Engineering data security for brain-computer interfaces

Wayne Gillam

A new type of wireless transceiver is on its way to making data transmitted by brain-computer interfaces more secure.

Photo: Chip layouts of the secure CSR-UWB transmitter and receiver in a 32nm CMOS (Complementary Metal Oxide Semiconductor) technology.

Online data security has been a public concern for some time now. Whether it’s hacking of business or government entities, concerns around social media data mining or even complex forms of malicious software, it’s become clear that personal information can be compromised through either a direct or indirect online attack. Hacking computer networks to obtain sensitive information is an all too frequent occurrence, and it can be damaging in many different ways.

Vulnerabilities can exist wherever there is a flow of sensitive information between computers, whether the data is transmitted via wires or wirelessly. Brain-computer interfaces (BCIs) are no exception to this rule and are therefore also exposed to the risk of being hacked, if adequate steps to ensure security are not taken. Center for Sensorimotor Neural Engineering (CSNE) members have been working on this issue by pioneering BCI security research in the VLSI Design and Test Laboratory at San Diego State University and the University of Washington’s UW BioRobotics Lab.

Recently, research by CSNE member, Amirhossein (Amir) Alimohammad, and his research assistant, Andrew Hennessy, at San Diego State University has taken things a step further in the effort to engineer low-power, compact and wireless BCIs that are also safe and secure from hackers. Alimohammad’s and Hennessy’s new paper in IEEE Transactions on Circuits and Systems presents an innovative transceiver design that offers more secure protection from hacking.

“We have been working on security of information,” Alimohammad said, “because when you are transmitting neural information wirelessly to an outside receiver, that information should be transmitted securely, so no one can actually pick up those neural signals and interpret it and understand what you are thinking, or what your purpose is.”

The transceiver Alimohammad and Hennessy are working on is part of a BCI chip designed to be implanted on the surface of the brain. The chip communicates neural information wirelessly to a receiver outside the body, such as a smartphone, for data processing. When this information is transmitted without security protections, data can be vulnerable to passive adversaries, digital eavesdroppers that would attempt to collect the transmitted information intended for the receiver, and active adversaries, hackers who would attempt to mimic the transceiver and send their own messages to the receiver while posing as the transmitter.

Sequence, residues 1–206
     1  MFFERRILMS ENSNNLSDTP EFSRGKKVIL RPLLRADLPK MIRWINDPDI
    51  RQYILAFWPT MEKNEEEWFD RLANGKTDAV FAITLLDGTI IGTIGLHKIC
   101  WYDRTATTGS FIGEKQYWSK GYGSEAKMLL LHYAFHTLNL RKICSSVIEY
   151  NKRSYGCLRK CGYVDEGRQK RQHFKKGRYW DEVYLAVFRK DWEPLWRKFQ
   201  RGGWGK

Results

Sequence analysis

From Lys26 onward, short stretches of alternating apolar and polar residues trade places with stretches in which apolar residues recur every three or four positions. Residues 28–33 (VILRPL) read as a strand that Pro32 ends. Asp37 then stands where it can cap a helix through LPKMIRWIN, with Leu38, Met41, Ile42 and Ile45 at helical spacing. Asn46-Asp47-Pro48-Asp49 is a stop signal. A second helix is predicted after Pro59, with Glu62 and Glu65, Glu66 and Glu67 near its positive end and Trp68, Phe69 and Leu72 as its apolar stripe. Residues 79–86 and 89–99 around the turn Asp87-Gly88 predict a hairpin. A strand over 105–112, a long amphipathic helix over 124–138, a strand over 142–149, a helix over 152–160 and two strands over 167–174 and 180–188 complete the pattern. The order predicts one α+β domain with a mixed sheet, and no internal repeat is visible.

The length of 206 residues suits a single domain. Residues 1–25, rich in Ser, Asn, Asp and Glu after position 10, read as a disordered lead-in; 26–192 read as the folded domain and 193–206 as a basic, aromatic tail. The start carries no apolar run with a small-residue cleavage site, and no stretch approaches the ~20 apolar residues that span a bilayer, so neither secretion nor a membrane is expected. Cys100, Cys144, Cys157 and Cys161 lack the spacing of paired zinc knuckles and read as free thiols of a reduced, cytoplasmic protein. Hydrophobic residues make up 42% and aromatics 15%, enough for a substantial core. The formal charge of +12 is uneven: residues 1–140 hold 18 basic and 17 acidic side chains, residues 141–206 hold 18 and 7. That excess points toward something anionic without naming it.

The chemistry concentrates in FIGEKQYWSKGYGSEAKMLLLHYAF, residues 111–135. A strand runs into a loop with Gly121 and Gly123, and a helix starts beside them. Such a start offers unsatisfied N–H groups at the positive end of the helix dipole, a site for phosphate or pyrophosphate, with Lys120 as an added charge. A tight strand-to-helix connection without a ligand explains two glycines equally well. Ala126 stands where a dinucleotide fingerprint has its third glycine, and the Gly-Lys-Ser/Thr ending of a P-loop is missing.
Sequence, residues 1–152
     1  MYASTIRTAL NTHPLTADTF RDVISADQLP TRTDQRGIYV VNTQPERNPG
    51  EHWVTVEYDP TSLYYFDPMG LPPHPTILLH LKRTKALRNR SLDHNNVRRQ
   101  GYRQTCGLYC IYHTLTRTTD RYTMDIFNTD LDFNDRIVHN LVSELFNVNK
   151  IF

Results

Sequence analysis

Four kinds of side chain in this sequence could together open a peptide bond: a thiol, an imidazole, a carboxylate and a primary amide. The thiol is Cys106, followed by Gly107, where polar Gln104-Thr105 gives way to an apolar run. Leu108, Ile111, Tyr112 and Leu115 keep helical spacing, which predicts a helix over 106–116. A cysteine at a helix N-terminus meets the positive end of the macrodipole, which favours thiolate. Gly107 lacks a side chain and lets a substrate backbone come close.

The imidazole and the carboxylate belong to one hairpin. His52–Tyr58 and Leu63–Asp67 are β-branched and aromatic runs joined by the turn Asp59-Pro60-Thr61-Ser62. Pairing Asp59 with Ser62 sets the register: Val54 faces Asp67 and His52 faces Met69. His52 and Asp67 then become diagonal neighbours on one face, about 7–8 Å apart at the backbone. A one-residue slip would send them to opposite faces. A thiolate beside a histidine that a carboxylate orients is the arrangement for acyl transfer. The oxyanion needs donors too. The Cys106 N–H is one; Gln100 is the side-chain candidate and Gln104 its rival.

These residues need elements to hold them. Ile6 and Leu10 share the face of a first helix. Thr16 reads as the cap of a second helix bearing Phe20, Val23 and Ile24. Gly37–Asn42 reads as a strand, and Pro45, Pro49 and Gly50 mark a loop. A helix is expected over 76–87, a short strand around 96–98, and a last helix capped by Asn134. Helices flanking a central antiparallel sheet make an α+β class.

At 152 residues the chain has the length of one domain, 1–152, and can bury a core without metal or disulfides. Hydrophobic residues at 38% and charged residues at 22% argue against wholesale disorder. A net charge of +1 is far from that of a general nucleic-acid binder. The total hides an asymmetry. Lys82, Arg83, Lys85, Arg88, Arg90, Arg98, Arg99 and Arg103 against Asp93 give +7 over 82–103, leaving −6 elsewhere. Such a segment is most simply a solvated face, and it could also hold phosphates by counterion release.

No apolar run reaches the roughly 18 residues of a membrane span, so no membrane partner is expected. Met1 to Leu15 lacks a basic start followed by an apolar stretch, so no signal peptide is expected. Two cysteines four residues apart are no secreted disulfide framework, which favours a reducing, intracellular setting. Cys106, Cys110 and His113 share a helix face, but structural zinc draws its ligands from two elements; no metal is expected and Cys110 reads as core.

Conventional security practices typically use a security key to encrypt data before it is transmitted; however, the strict size and power requirements of brain-implantable transceivers prevents the use of conventional cryptography algorithms. Because conventional approaches are not a viable option, the security strategy of Alimohammad’s and Hennessy’s transceiver relies on changing the physical properties of the wireless transmission itself to mask the transmitted data.

This new transceiver uses a transmission scheme called digital code-shifted reference (CSR), which is a way of manipulating the properties of the transmitted wireless signal. The transceiver also takes advantage of a radio technology called ultra-wideband (UWB), which can use a very low energy level for short-range, high-bandwidth communications over a large portion of the radio spectrum. UWB is considered to provide some inherent advantages when it comes to the security of its transmissions. Pulses sent via UWB are incredibly narrow and reside at the noise level for other transmission methods, and this allows the pulses to have a naturally low probability of detection and interception; however, this inherent level of security is not an adequate substitution for cryptography and for potentially sensitive applications, such as bio-medical devices. This is where CSR comes in. CSR provides an added layer of security for the transceiver by randomizing the transmitted data pulses in ways only discernible to the intended receiver.

The security of the transceiver is based on separating a data and a reference pulse within transmitted information, so only a legitimate receiver would be able to discern the data pulse. To interpret the received data, the receiver must know what the separation is and use an exact timing delay to correlate the data with its reference.

“This movement in time serves as the basis for CSR, where we use orthogonal codes to separate a pulse randomly from a reference pulse in the code domain,” Alimohammad said. “So basically, we both [the transceiver and the receiver] are going to use the shared security key to define the separation in the code domain between a reference pulse and the data pulses, and only we [the transceiver and the receiver] know the correct orthogonal codes to apply to separate the pulses in time. No one else can figure it out, or it’s difficult…it’s extremely difficult to break.”

Alimohammad’s and Hennessy’s research has demonstrated that the CSR-UWB transceiver they engineered can successfully provide secure wireless transmissions in a compact, low-power format suitable for implantation in medical devices such as BCIs. Future research goals include even further reducing the size of the transceiver and finding ways to prevent hackers from using an active jammer to disable device transmissions.

 “We want people to be able to implant these electronic transceivers safely,” Alimohammad said, “knowing that they are secure from hacking.”

For more information about the CSNE’s work in neural security and the CSR-UWB transceiver described in this article, contact Amir Alimohammad.